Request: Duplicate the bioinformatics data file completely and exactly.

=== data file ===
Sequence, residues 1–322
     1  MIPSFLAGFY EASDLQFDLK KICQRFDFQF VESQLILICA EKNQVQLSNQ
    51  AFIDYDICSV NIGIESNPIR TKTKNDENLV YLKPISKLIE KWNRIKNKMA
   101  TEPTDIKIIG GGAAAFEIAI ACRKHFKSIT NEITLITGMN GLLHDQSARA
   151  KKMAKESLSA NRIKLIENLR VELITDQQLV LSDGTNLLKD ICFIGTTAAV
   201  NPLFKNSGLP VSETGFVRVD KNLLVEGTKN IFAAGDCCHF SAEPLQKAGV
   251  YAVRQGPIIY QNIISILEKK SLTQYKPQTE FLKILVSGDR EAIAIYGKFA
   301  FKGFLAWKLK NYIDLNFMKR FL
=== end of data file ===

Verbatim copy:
Sequence, residues 1–322
     1  MIPSFLAGFY EASDLQFDLK KICQRFDFQF VESQLILICA EKNQVQLSNQ
    51  AFIDYDICSV NIGIESNPIR TKTKNDENLV YLKPISKLIE KWNRIKNKMA
   101  TEPTDIKIIG GGAAAFEIAI ACRKHFKSIT NEITLITGMN GLLHDQSARA
   151  KKMAKESLSA NRIKLIENLR VELITDQQLV LSDGTNLLKD ICFIGTTAAV
   201  NPLFKNSGLP VSETGFVRVD KNLLVEGTKN IFAAGDCCHF SAEPLQKAGV
   251  YAVRQGPIIY QNIISILEKK SLTQYKPQTE FLKILVSGDR EAIAIYGKFA
   301  FKGFLAWKLK NYIDLNFMKR FL